Jack Chick is dead. His ministry has released a statement that he has died at age 92.
If you were raised as a Christian and are of a certain age chances are you have seen, or perhaps even handed out, tracts from Chick Publications. In his obituary Christianity Today says that he has distributed more than half a billion of his cheesy-looking evangelistic tracts. There was nothing subtle about a Chick tract. His black and white cartoon characters gave the message that there were just two kinds of people out there; the true believers and the deliberately and despicably evil.
Over time he told us just who those willfully evil people were in his many tracts. He made it clear that – just choosing a few – atheists, LGBT people, Catholics, Jews, Muslims, those who played Dungeons & Dragons, rock musicians and those who listened to them, evolutionists, communists, intellectuals, secular humanists, and anyone reading anything other translation of the Bible than the KJV were damned to Hell and deserved to be so.
The concept of love was totally absent from his tracts. There was no mention of the love of God, no call to love Jesus or our neighbor. His entire methodology was a “scare them to repentance” horror show. Pictures of Satan holding a horrified (fill in the blank on which wrong-doer) by the throat and saying things like “I tricked you and now you are mine FOREVER! Haw, Haw, Haw.” were the norm.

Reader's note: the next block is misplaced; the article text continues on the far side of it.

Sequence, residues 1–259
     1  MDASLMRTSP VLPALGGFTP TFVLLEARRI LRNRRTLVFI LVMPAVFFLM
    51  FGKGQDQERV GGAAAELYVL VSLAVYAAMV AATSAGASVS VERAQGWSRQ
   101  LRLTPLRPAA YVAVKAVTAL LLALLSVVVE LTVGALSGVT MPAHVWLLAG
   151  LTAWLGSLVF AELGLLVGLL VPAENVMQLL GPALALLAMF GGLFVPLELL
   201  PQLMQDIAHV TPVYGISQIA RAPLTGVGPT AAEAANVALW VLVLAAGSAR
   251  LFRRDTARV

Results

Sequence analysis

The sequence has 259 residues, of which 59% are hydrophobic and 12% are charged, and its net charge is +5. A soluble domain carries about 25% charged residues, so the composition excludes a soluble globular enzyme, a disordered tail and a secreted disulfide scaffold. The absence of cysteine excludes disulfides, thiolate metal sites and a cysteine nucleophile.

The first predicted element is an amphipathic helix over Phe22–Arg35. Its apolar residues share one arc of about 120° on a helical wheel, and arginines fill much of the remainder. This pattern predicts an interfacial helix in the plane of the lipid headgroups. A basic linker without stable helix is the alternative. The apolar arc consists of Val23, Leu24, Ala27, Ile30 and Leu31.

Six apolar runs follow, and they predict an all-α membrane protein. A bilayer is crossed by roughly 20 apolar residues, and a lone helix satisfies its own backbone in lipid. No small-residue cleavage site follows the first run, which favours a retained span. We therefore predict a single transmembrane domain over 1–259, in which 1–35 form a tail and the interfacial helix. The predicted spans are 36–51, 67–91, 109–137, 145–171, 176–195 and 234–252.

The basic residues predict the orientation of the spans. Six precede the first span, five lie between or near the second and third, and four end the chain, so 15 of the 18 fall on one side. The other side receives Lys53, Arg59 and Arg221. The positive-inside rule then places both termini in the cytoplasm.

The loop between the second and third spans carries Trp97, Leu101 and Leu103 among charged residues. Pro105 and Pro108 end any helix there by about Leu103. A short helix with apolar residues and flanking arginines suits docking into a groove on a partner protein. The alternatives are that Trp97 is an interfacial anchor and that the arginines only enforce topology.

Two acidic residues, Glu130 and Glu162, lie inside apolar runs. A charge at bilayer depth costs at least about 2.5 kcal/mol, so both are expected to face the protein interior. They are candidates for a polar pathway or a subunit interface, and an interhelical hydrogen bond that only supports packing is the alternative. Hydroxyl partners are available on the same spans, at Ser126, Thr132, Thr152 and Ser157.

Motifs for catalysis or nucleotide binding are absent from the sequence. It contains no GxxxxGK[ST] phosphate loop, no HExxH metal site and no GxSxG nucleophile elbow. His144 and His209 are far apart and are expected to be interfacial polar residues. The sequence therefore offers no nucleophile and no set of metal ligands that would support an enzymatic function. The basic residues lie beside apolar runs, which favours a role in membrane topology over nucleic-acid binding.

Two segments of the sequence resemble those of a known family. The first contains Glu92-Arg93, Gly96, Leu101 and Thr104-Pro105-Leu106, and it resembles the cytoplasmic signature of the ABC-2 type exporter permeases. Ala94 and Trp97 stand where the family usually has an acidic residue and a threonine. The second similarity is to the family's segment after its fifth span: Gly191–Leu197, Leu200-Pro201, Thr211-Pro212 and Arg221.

While they were meant to be evangelistic his tracts drew a lot of fire, even from many evangelicals. I have no way of knowing how many, if any, came to Christ through reading a Jack Chick tract. Equally, I have no way of knowing how many recipients of his tracts came away convinced that Christians are hate-filled people who believe that the supreme delight awaiting them in heaven would be that they got to watch the eternal torment of wicked sinners in Hell.
To me the biggest problem with Chick’s tracts is that they promote a minimalist version of evangelism. The goal seems not to be seeking and saving the lost but rather doing just enough to make sure that we can absolve ourselves of any guilt feelings about them not hearing the Gospel.
Giving out a tract in a hit-and-run style, and his tracts certainly did not lend themselves to starting an intelligent conversation, was the norm. Indeed, since they were so offensive to so many, sticking around to talk after passing one out could be considered dangerous.
I can’t help but think that, in heaven, Chick came to a moment that C.S. Lewis called “exquisite pain;” that, like Saul on the Damascus road, he was knocked off his high horse. And then, also like Saul, he had the scales fall from his eyes and truly saw the grace and love of God for the first time. But we can’t be too smug about that. Each of us, in our own way, can look forward to the day when our own customized, self-constructed scales will do the same.